New to Terminal: Is a single dash used for abbreviated options and a double dash used for verbose options?

Take a look at the following image from the Git website (http://git-scm.com/docs/git-stash). Note how -q is an abbreviated form of --quiet and -p is an abbreviated form of --patch.

git stash example
I'm relatively new to Terminal. Is this one dash/abbreviated and two dashes/verbose pattern common to terminal programs (homebrew, npm, bower...)?
jdanaAsked:
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Mark BullockQA EngineerCommented:
It depends on the program.
For example, ls and cd have no options beginning with --
ozoCommented:
That is a common practice, especially among programs that use getopt/getopt_long
jmcgOwnerCommented:
The original UNIX command set used primarily single-letter flags (I'm talking circa 1975!). The "dd" command was an outlier.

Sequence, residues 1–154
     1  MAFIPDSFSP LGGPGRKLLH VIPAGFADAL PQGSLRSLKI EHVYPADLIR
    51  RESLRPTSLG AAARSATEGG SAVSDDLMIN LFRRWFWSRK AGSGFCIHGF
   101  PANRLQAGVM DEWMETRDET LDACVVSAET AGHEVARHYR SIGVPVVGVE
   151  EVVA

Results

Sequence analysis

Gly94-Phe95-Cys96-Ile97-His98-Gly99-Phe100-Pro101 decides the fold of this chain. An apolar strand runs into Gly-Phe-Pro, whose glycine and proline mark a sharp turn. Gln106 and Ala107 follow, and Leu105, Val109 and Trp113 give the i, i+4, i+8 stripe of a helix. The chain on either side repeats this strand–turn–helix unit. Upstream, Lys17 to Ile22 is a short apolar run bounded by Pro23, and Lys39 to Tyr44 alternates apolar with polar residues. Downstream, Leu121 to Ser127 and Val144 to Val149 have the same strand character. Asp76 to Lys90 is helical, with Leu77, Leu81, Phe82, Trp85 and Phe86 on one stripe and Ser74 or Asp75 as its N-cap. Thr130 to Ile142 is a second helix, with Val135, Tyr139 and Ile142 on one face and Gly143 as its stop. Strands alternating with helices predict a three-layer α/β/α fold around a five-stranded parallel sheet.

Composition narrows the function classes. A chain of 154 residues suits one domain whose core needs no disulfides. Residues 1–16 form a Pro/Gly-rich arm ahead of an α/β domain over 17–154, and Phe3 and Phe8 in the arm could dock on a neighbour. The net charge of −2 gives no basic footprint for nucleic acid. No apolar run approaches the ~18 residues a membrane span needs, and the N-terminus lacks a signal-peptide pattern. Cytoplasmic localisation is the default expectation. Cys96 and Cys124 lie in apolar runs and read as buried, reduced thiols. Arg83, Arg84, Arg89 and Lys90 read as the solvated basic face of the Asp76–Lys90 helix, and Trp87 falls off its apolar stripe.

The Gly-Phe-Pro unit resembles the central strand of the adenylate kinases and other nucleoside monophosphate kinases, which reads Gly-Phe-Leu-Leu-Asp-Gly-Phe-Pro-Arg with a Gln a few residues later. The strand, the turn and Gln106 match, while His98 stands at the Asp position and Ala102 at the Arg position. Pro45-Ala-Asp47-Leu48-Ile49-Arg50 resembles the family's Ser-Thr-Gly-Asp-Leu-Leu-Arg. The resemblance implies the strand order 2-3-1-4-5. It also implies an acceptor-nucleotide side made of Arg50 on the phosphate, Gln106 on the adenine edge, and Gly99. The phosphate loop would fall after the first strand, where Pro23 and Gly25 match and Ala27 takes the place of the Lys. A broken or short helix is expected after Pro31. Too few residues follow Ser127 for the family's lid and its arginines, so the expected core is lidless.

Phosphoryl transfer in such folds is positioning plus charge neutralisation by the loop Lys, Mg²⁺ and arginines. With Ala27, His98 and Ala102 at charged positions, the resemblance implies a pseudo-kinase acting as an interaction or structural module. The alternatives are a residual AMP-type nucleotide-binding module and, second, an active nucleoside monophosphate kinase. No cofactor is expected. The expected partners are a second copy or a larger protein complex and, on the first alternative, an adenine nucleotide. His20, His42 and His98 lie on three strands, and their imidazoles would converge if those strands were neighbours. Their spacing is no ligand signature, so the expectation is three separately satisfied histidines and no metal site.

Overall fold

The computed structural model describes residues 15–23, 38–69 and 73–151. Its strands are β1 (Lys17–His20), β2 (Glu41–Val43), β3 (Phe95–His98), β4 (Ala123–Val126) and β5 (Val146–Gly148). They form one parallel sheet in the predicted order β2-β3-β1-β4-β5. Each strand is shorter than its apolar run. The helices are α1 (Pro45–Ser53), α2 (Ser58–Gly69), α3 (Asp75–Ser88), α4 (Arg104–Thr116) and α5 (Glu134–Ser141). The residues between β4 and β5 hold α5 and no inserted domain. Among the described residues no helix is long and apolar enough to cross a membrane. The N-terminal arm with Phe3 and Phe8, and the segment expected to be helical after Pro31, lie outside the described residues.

Later development streams -- GNU being the first one I encountered -- introduced long option names, stemming from experience with other operating systems. When implementing programs to be work-alikes to the original UNIX commands, great pains were taken to provide backwards-compatible single-letter flags that were, usually, the first letter of the longer option name -- but it would not be correct to think of the single-letter flags as intentional "abbreviations". Thinking that would lead you to believe you can guess which single-letter flags there might be, which will frequently fail.

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ozoCommented:
If you are unsure of the option usage for a particular command (which might be any time you are not just repeating a previous command from your terminal history) you would probably want to consult the man page for that command.
jdanaAuthor Commented:
Thanks for all the great feedback.
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